A publication of Appalachian Voices


A publication of Appalachian Voices

Hiking the Highlands

Troutpacking’ In Georgia’s Cohutta Wilderness

By Nathaniel H. Axtell

If you look at any map of Georgia — even a broad-scale travel atlas — it appears that the Peach State is one big spaghetti platter of roads. Virtually the entire northern tier of the state is crisscrossed by highways, ranging from one-lane gravel paths to six-lane racetracks pouring out of Atlanta.

Then you notice a lone chunk of national forest land north of Ellijay that is virtually roadless. If you look a little bit closer, you notice that two sizable streams — the Conasauga and the Jacks rivers — emanate from this unroaded tract. For a trout fisherman who hates the crowds and trash that road access brings, this island of green calls for a visit.

Its name? The Cohutta-Big Frog, the largest contiguous tract of wilderness in the East. With a combined acreage of 45,059 acres, these two wild areas comprise some of the last large, unroaded places in the southern Appalachians. In other words, the perfect place to immerse yourself in wildness and wild trout, without the combat fishing that surrounds many fisheries.

Drawn by the promise of crowd-free angling, Steve Novak and I left Asheville in early April bound for the Cohutta’s largest stream, the Jacks. As we drove past Waynesville, thick cumulus clouds sprinkled snow on the highest peaks of the Smokies, dropping occasional ice pellets on the truck’s windshield. “Good thing we’re heading down in elevation,” Steve said, gazing up at the spectacle.

The Jacks begins at roughly 2,578 feet in the Cohutta Mountains near Dally Gap and drops to less than 1,000 feet downstream in Alaculsy Valley. This makes it perfect for an early spring fishing trip. We had planned to hike the Jacks River Trail down from the gap, but heavy rains had brought the river up and we were warned that rising water could prevent us from crossing some of the trail’s 42 fords.

“Even if you just get a good spring rain, it can get high enough to make it tough to cross,” Jimmy Jacobs had told me on the phone. Jacobs is a Georgia native and the author of Trout Fishing In North Georgia, a guidebook that ranks the Jacks as one of the premier backcountry fishing destinations in the East. “The best fishing is from the falls upstream, so you could try going in at Beech Bottom.”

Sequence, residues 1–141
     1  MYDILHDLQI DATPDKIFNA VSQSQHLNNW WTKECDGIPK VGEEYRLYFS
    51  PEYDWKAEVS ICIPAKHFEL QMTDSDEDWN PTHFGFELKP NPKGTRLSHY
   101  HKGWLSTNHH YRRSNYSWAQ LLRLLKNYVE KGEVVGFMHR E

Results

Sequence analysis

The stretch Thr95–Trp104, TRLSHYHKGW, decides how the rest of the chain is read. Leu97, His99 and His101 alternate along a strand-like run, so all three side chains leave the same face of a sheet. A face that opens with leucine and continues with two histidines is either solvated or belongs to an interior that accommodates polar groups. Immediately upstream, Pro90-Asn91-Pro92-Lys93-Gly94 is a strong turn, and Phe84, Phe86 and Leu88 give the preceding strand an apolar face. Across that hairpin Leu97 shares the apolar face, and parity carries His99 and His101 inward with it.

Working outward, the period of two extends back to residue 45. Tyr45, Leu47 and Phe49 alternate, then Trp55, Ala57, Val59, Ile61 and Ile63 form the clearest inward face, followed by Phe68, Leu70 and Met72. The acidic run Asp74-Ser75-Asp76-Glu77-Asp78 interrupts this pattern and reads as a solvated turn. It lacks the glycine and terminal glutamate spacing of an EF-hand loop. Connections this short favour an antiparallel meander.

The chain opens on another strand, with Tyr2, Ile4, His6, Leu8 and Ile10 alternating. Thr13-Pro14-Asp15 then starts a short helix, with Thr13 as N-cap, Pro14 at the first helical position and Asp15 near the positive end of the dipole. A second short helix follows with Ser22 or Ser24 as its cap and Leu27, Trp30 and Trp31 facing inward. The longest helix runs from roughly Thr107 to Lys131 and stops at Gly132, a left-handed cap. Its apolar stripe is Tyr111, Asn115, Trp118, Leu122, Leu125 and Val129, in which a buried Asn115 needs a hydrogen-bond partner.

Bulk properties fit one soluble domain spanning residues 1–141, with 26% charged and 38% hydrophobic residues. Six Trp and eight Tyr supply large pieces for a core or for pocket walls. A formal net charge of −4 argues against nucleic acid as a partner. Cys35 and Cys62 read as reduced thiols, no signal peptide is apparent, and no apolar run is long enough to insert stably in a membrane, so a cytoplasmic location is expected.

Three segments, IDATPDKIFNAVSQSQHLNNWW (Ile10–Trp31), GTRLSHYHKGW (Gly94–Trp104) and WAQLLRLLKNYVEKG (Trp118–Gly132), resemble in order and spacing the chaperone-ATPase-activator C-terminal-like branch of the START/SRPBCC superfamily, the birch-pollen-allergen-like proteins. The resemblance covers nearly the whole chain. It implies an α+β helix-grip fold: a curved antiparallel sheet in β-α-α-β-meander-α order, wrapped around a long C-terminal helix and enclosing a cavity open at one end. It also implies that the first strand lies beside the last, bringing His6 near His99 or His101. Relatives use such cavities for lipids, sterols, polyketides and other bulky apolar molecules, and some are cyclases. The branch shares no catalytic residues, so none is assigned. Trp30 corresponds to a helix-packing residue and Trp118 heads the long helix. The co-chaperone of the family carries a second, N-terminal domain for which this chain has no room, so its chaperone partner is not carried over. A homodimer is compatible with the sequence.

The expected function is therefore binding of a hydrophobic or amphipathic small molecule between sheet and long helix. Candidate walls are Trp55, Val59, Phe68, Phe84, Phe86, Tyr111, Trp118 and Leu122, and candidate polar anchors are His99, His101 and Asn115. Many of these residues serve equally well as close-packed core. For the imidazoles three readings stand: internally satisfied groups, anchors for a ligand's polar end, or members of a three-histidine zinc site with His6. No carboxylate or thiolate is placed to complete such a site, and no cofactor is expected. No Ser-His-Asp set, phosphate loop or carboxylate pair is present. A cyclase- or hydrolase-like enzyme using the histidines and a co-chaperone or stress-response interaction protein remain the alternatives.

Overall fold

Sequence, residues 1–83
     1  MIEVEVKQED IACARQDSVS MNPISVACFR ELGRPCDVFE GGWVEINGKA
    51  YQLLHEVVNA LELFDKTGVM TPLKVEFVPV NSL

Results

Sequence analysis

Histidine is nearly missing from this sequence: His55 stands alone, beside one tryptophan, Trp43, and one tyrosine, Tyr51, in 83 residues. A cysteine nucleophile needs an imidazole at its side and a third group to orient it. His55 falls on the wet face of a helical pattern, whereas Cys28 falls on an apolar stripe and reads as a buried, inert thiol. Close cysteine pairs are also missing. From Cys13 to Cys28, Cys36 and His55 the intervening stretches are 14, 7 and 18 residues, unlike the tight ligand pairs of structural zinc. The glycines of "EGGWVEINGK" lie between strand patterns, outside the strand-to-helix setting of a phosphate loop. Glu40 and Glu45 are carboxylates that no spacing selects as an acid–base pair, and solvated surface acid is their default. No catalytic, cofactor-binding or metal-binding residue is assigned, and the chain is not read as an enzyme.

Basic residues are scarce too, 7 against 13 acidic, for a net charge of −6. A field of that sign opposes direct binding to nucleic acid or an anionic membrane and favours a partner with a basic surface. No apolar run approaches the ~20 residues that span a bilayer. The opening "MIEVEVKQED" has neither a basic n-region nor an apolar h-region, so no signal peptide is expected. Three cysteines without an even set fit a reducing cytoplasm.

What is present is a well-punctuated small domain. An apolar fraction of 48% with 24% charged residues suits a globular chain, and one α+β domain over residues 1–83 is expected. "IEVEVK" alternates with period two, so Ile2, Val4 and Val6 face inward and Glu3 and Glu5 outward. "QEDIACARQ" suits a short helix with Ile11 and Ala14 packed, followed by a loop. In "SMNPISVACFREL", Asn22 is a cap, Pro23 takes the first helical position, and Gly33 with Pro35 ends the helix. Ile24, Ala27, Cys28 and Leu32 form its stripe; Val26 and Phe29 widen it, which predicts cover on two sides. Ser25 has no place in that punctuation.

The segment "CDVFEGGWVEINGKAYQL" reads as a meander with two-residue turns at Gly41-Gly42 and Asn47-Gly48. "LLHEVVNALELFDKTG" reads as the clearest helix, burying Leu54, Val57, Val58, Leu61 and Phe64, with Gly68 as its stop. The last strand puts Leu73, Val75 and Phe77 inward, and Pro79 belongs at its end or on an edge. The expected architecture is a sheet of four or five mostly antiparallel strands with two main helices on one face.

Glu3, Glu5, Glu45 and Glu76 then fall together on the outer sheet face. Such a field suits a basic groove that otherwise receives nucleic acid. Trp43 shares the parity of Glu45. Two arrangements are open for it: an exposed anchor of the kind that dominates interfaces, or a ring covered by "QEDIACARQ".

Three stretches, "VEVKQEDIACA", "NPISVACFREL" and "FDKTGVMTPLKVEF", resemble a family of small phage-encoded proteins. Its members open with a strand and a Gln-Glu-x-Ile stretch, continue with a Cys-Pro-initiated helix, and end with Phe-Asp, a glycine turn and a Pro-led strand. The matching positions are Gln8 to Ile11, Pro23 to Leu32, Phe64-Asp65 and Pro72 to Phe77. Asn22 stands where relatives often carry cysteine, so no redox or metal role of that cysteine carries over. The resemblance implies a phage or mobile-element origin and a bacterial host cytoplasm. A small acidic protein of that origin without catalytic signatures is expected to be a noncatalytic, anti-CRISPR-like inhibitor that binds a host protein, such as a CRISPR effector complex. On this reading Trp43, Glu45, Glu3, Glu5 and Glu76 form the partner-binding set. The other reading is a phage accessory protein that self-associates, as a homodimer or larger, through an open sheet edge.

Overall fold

That proved to be good advice. The Beech Bottom Trail is considered one of the easiest ways to access the Cohutta’s interior, dropping roughly 4 miles down an old roadbed to a level floodplain where Beech Creek meets the Jacks. It wasn’t a cakewalk under the weight of 60 pounds of backpacking and fishing gear, but the whole purpose of ‘troutpacking’ is to suffer: the farther in you go, the less fishing pressure and (theoretically, at least) the better the fishing.

Not that the Cohutta is an unpeopled paradise. To the contrary — the Forest Service estimates about 100,000 people visit the area each year, making it the most heavily used wilderness area in the southern Appalachians. But as Jacobs told me, “Most time you’re not going to have a lot of fishing pressure. It’s mostly backpackers or people dayhiking to see the falls.”

It took us only about two hours to hike in to Beech Bottom. We passed three backpackers and a large group of horse riders that were on their way out, but by the time we reached the banks of the Jacks we had the place entirely to ourselves. If you want the same peace and quiet, go on a weekday when rain is forecasted, as we did. The shoulder seasons of early spring and late fall are the best times to avoid crowds.

The river looked a little high from all the showers, but it was crystal clear and eminently fishable. The roadless nature of the Jacks drainage keeps the river unpolluted from silt and high in insect activity. Within minutes of arriving, our tent flies were dotted with midges, caddisflies and big golden stoneflies. We anxiously threw up the tents and cook tarp, rigged up our fly rods, and headed upstream with Steve’s trusty fishing dog, Willy.

In his classic book Even Brook Trout Get The Blues, writer John Gierach describes the typical black lab on a fishing excursion: “The worst wade ahead and trash the water and try to retrieve the fish, while the best sit on the bank emitting a pitiful, high-pitched whine all day.” Willy, however, bests the best. He actually locates fish for us, like some kind of cadaver-sniffing dog that can find corpses underwater. He creeps along the bank, smelling the water, and when he stops, you can just about follow his snout to a trout.

Some might consider this unsporting, but we still have to present our flies without spooking the trout and we still have to float our fur-and-feather facsimiles through their feeding lanes naturally. Even then, what we’re offering might not be what’s on their menu du jour.

Fortunately, there was a healthy hatch of Epeorus pleuralis mayflies coming off as we reached the first pool and Willy went on point. I drifted a #12 Quill Gordon dry through the run and was soon fast to a fiesty 9-inch rainbow, which jumped twice before yielding to my hand. Willy smiled smugly from the bank as if to say, “Told you so.”

According to Jacobs and other Jacks regulars, the Cohutta’s wild rainbow and browns aren’t too particular about what flies they’ll take. Attractor patterns like Royal Wulffs, Irresistibles, and Trudes will work under most conditions, especially in broken water, while nymph imitations such as Pheasant Tails, Hare’s Ears, and Princes are good for times when there are no hatching insects. Still, these fish aren’t pushovers and the clarity of the water makes long, fine leaders (9- to 11-feet tapering down to 5X or 6X) a must.